United States District Court, D. Maryland
WILLIAM M. NICKERSON SENIOR UNITED STATES DISTRICT JUDGE
16, 2016, this Court directed Plaintiff Gerald Fuller to
respond to Defendants' Motion to Strike and for
Sanctions. ECF 27 and 28. Fuller filed a Motion for Extension
of Time seeking a 90 day extension to respond to the Motion
to Strike and to prepare a Motion for Injunctive Relief. ECF
29. On June 8, 2016, Fuller filed a Response to Show Cause
Order. ECF 30. Thus, Fuller's motion for extension of
time shall be denied as moot.
initially claimed that the handwritten statement on
Defendants' copy of his May 10, 2016 affidavit (ECF 26)
stating, "I may be released soon. Do I have to take this
matter out on the streets? Can we resolve this and I go my
way and you go your[s]?" was simply an offer to settle
this case. He characterizes counsel's security concerns
regarding the statement as bizarre and delusional and
suggests that "there is mental illness or substance
abuse present." ECF 29. He offers as a basis for his
request for a 90 day extension of time the need for
additional time to research the motion filed by Defendants
and indicates that he "may be starting a jury trial on
May 23, 2016" on an unrelated matter. Id. at p.
2. He further claims that Defendants "recently attempted
to murder" him by taking control of his blood pressure
medication, causing his blood pressure to rise to levels of
Response to Show Cause Order, Fuller claims the handwritten
note was a note to himself reminding him to make an offer to
settle this case because he may be released soon. ECF 30 at
p. 3, ¶ 8. He claims that the inclusion of the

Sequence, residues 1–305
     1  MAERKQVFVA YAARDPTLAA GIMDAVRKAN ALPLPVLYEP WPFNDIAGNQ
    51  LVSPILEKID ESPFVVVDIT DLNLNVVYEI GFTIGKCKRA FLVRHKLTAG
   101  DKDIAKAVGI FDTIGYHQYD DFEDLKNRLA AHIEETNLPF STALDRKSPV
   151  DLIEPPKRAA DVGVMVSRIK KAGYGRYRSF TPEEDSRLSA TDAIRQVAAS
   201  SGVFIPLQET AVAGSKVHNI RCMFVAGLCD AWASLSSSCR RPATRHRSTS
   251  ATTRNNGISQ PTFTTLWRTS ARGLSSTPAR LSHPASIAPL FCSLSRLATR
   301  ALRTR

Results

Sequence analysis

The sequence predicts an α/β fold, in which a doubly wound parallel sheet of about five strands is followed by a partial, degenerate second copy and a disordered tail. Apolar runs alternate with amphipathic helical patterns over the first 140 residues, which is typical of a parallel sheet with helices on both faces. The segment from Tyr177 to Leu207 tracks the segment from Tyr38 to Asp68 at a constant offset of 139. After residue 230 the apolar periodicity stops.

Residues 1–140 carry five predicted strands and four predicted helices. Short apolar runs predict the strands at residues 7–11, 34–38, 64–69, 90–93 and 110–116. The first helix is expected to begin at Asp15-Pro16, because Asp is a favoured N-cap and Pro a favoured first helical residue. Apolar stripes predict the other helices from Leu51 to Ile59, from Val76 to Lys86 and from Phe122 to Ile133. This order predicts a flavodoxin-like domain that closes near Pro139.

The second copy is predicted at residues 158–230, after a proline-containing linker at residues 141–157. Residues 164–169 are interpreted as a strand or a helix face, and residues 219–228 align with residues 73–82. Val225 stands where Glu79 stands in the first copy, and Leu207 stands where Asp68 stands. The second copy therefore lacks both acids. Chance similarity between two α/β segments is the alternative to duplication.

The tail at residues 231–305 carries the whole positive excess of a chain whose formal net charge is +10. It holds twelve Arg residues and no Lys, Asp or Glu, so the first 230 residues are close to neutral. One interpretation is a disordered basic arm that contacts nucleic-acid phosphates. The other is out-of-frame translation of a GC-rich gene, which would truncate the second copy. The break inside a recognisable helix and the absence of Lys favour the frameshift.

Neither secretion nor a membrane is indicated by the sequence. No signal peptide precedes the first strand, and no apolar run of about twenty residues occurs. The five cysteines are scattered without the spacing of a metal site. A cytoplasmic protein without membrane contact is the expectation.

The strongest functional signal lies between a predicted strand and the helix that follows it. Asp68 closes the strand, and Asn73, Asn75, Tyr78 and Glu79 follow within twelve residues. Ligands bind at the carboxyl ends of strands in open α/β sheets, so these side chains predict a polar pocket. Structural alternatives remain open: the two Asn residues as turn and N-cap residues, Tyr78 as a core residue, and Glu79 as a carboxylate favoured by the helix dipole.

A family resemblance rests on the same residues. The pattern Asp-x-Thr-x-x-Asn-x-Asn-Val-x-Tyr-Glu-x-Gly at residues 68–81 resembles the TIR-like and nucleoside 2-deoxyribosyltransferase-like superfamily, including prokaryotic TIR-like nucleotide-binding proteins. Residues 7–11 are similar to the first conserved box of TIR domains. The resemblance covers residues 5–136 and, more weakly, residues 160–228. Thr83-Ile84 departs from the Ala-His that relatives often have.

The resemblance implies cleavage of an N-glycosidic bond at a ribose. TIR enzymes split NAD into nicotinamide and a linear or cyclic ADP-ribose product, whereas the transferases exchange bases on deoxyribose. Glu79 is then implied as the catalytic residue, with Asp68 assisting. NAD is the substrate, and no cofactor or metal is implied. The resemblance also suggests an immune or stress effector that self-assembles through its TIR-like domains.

handwritten note was inadvertent and was caused by the fact
that he is forced to prepare legal documents in a cramped,
poorly lit prison cell. Id. at p. 4, ¶ 7.
Notwithstanding that claim, Fuller finds fault with opposing
counsel's neglect to "record the actual place and
condition the said note was found" and maintains that
had counsel done so, that information would exculpate Fuller
from any suspicion of communicating a threat. Id. at
p. 4, ¶¶ 3 and 4. Fuller then asserts that "a
sustainable argument could be made that the note is a plant
by the Defendants to circumvent Plaintiff's rights and
meritorious cause of action." Id. at p. 5,
¶ 9. He concludes that the allegation is bizarre and
reaching and maintains that Defendants have actively sought
to cause him harm. Id. at ¶ 10.
handwritten statement sent to counsel for Defendants is
threatening. It takes little to no inference to discern that
Fuller's offer to "take this matter out on the
streets, " coupled with the statement that he may be
released soon, is a threat. His dismissal of this
characterization, as well as his attempt to insult
counsel's presence of mind, simply underscores his lack
of appreciation for the seriousness of the matter at issue.
In addition, Fuller's attempt to both admit the note was
written by him for some other purpose and also suggest that
the note is some sort of subterfuge manufactured by counsel
to obfuscate the issues sub judice is specious.
Fuller's lack of remorse or anything approaching regret
for the inclusion of the threatening handwritten note,
Defendants' Motion to Strike shall be granted in part and
Fuller's affidavit on which the threat was written will
be stricken from the record and will not be considered as a
part of Fuller's Opposition Response. Fuller is
admonished by the Court for the use of threatening language
and he is forewarned that any future incidents of this nature
in any other case will result in the dismissal of any
complaints he has pending in this Court.